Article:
And on social issues, consider homosexuality. Do the counter-cultural opinions of non-progressives such as psychiatrist and intellectual Jeffrey Satinover ever get a hearing? Consider this review of his 2004 essay, “The Trojan Couch: How the Mental Health Associations Misrepresent Science”. Dr. Satinover is Jewish – although pro-Christianity; maybe that disqualifies him from being invited. He has also published an important book on the quantum mechanics of consciousness, as well as reflections on neo-Gnosticism and Jungism; you might suppose he’d be a very compelling campus presence.
And what of racial issues? Is the thinking of black conservatives ever made available to students in CHE? Not just Thomas Sowell and Walter E. Williams, but people such as Shelby Steele, Star Parker, Allen West, David Webb, Mason Weaver, Deneen Borelli, Derryck Green, Kira Davis, Carol Swain, Alfonzo Rachel, and even libertarian John McWhorter? Do black students (as well as non-black) get exposure to such writers/speakers? Do the Black Congressional Caucus, NAACP, the Muslim and black warlords who sold African slaves to Europeans, multiculturalism, as well as very importantly the culture of the Black underclass ever get a word of criticism? Or is everything “racial” dovetailed into phrases such as White [guilt, racism, privilege] as it is on secular campuses?
Much of progressive thought is based upon false narratives (e.g., “hands up, don’t shoot”, “gay gene”, “illusion of design”, “Islam is a peaceful religion”, etc.); but is there ever exposure within CHE of this kind of deception? I recall back in the 1960s when I was teaching chemistry at a large eastern university, a fellow faculty member began an organization called “Science for the People”. I was initially attracted to the zeal and emotion of the group, but once reading their literature I realized the endeavor was completely Marxist-based, with poorly-expressed rationale that I simply didn’t agree with. I dropped out but others were drawn in. Back then, to be a campus radical was peer-approved; yet the underlying narratives were ideological and unsubstantial. However I was not equipped at that point in my life to provide exposure. That leftism of yesterday is the basis for much of progressivism today, and exposure is important.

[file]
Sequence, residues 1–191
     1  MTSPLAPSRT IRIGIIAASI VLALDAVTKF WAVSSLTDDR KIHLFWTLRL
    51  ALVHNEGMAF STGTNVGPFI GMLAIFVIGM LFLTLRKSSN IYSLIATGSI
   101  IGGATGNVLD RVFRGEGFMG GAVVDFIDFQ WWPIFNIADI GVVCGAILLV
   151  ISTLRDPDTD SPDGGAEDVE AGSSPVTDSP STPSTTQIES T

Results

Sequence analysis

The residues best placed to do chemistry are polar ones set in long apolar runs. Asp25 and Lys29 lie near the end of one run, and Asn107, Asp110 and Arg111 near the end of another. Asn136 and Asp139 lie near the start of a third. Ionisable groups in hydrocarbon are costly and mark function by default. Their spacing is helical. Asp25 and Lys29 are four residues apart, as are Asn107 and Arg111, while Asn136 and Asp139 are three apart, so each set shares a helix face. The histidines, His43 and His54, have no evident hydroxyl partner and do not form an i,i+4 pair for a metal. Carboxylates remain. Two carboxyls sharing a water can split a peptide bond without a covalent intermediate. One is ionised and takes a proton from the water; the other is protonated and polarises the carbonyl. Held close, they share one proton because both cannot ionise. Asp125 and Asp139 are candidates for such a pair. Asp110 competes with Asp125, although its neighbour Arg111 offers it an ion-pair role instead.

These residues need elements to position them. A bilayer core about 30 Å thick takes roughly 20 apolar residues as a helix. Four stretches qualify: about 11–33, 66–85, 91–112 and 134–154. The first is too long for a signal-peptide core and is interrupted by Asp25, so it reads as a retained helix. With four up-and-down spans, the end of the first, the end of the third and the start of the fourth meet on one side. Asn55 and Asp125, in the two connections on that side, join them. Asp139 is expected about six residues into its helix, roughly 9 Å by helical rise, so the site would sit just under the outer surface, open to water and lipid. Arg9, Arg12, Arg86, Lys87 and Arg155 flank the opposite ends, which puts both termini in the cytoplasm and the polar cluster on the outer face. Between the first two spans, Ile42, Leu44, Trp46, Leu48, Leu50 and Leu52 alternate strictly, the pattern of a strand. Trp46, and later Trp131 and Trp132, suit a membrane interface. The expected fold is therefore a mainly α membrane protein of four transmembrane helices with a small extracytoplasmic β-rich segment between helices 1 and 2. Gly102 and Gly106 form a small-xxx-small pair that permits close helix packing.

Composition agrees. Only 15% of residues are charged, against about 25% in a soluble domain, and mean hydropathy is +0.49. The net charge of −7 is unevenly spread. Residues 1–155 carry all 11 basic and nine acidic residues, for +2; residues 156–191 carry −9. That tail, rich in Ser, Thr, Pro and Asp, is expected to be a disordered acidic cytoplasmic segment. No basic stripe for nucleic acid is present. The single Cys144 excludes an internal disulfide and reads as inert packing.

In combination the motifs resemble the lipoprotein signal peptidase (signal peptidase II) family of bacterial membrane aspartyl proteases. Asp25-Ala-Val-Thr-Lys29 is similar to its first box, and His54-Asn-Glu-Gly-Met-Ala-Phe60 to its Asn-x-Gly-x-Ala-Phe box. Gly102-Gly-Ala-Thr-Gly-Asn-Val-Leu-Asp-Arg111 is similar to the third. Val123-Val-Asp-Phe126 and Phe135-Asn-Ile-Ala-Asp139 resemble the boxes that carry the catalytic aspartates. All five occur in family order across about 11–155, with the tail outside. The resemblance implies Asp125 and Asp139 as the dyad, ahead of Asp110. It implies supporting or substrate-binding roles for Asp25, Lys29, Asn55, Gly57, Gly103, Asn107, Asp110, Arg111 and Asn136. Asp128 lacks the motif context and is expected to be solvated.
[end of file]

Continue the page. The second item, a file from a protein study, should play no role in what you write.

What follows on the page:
So the question is, what about your campus climate? Is it welcoming and affirming for students with non-progressive worldviews? Is your primary objective to transform them into progressives, or rather equip them to be critical thinkers, able to articulate and defend their views, even while exposing them in a neutral manner to other viewpoints? Are you able and willing to teach the controversies objectively? Can you separate the form from the content with people labeled “fundamentalists”? Is there any sense in which the iconoclasm I observed in the 1950’s might be reversed in this generation to wean students away from the progressive indoctrination they have received pre-K to 12 (accelerated and intensified by Bill Gates’ Common Core)? And are your students being prepared to deal with the increasingly hostile environment for Christians within secular academia?
Admittedly there is on the part of some so-called fundamentalists an angry and unhelpful attitude towards progressives, and basically, anyone who disagrees with their viewpoint. And then there is pushback from progressives and their moderate friends with what can be described as “fundaphobia” and can also be just as unfriendly. However, though some “fundamentalists” are unable to formulate acceptable rationale for their positions, understand that there nevertheless is profound intellectual basis for much of non-progressive thought, and these viewpoints must somehow be given space to be expressed within CHE. Perhaps we can move beyond ‘fundaphobia” to “fundatolerance”, if not “fundaphilia”.